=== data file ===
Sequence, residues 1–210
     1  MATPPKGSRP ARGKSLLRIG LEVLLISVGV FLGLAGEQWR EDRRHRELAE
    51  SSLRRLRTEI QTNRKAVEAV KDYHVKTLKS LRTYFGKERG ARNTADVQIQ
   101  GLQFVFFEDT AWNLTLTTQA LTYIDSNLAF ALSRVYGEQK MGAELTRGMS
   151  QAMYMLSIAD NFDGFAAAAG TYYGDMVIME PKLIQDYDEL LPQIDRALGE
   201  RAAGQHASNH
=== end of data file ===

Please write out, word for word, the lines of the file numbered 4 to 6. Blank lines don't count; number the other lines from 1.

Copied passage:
   101  GLQFVFFEDT AWNLTLTTQA LTYIDSNLAF ALSRVYGEQK MGAELTRGMS
   151  QAMYMLSIAD NFDGFAAAAG TYYGDMVIME PKLIQDYDEL LPQIDRALGE
   201  RAAGQHASNH